When the new bakehouse was built behind the shop it was fuelled by coke which meant that John had to keep stoking it and rake out the ash. Baking was hard labour and a very hot job. Later they converted it to oil which meant it could be started in the morning automatically with a timer. They were Steam tube ovens. There were two decks and the fire heated water and the resulting steam circulated through pipes above and below each of the two decks to cook the bread.
Flour was stored in a loft and had to be wheeled on a trolley to be tipped down a chute into the bread mixer. To make a batch of bread needed 4 sacks of flour (4 x70lb bags). To the 280lbs of flour were added 18 gallons of water, 6 lbs of salt, 5lbs fat and 6lbs yeast. We used to use lard at one time and then we bought a special fat for bread. We used a lot of yeast so the dough didn’t have to be proved for a long period. When it had been mixed we weighed it by hand. You could get 220 large loaves from such a mix and John could weigh out the loaves in 20 minutes. Other people took much longer!
John would make three batches of bread a day and then he would make the cakes. They baked different cakes on different days for example Monday was Banbury cakes and dough cake. Friday and Saturday used to be Lardy cake day although later he baked those every day. People came from far and wide for them!
They had very little waste but if there were any left-overs they went to Jim Soden for his pigs.
All the girls helped, they took it fore granted. They took it in turn in the mornings, getting up at six to help. They heard John coming up the stairs and heaved a sigh of relief when it wasn’t their turn to get up early. The fact that they all helped meant that they were able to have a lot of perks like being able to buy and keep a horse. They also had things like a piano, cello and Elaine’s violin. Coralie played the church organ at one time. They also helped to deliver the bread and even now going around the village they will say, “Oh, she’s a large brown.” or 'She’s a Hovis”.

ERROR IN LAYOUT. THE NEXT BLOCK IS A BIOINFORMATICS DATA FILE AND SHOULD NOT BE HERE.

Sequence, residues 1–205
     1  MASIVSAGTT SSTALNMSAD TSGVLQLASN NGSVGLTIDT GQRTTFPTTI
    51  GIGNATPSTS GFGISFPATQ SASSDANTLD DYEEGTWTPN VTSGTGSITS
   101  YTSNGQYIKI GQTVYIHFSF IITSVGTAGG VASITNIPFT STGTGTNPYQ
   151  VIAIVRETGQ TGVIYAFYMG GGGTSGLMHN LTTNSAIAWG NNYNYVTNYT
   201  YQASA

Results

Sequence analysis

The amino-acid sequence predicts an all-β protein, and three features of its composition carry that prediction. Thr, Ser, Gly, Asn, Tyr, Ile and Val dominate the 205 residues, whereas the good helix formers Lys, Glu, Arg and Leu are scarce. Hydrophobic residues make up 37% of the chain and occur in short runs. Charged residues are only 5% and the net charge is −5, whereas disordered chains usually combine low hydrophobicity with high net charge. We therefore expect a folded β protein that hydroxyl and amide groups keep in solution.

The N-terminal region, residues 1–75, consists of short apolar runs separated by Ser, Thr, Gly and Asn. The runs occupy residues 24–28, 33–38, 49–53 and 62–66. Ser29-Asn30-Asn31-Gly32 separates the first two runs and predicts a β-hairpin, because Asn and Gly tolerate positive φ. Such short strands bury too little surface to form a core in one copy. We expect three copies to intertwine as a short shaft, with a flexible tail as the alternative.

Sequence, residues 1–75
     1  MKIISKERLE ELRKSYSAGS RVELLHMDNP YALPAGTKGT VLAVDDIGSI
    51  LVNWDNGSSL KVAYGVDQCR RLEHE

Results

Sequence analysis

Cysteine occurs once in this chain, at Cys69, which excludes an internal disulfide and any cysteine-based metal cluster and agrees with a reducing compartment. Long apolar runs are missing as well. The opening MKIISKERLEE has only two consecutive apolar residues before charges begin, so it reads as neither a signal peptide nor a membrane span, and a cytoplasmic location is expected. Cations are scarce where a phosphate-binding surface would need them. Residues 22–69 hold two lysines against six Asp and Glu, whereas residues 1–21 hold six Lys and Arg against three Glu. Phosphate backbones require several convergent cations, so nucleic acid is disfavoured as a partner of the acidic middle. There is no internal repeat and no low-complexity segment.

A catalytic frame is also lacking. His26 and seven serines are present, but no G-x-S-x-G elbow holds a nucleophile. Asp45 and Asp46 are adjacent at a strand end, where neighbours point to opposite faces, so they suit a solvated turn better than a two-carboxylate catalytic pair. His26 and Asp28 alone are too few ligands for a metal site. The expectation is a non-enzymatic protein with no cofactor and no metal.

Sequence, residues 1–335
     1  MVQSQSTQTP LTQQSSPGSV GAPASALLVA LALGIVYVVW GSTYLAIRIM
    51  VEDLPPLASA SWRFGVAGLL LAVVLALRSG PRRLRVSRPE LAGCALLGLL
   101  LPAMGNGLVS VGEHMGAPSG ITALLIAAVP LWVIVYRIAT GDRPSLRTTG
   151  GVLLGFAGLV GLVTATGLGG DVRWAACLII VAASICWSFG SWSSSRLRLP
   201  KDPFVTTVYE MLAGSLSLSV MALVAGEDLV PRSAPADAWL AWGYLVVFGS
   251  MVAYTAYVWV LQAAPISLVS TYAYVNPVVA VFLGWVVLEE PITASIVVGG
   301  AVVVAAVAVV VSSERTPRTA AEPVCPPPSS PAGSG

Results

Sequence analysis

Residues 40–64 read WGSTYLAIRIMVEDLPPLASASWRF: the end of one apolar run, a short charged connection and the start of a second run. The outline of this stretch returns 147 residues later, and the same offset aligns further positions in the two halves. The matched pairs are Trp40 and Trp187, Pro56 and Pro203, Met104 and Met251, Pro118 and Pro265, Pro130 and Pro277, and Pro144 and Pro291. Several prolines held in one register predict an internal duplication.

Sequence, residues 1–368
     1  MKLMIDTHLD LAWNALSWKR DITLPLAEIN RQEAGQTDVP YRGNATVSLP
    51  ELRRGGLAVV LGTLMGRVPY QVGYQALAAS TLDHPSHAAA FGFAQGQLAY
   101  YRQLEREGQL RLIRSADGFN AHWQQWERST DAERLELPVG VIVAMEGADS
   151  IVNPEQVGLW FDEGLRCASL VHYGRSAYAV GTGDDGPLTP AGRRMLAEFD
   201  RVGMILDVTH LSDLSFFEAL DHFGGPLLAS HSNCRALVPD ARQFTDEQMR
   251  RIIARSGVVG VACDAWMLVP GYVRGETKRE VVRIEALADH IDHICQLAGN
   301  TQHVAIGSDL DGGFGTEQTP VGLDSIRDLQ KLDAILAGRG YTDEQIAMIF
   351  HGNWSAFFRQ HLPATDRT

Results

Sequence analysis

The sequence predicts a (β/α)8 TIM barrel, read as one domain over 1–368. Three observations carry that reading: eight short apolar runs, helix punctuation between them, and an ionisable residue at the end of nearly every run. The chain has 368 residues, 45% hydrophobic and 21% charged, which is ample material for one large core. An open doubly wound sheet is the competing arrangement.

I had to get up at 2.45 on weekdays and 1.45 on Saturdays. The earlier time on Saturday was partly the increased demand for the weekend and partly to enable us to take a half day holiday. Originally Wednesday was half day closing but we changed to Saturday to give us a longer weekend. We made the bun dough the previous day and kept it in a walk-in fridge. The next morning it was put in the prover to rise and then baked.
The bypass didn’t make much difference to bread sales although previously we did make a lot of sales when there was a football match in Swindon and fans used to stop on their way through. It also made a difference when Morris’s closed for their fortnight’s holiday. All the factories closed at the same time and people travelling to the coast used to stop and buy bread and cakes.
At one time we had 12 people working for us; they were mainly part-time. Boys used to come and help in the bakery at the weekends. Mr and Mrs Beck also used to help. Mr Beck started doing the gardening and then when he retired did deliveries and also worked in the bakehouse. Shirley’s father (Mr Nobes) also drove for us.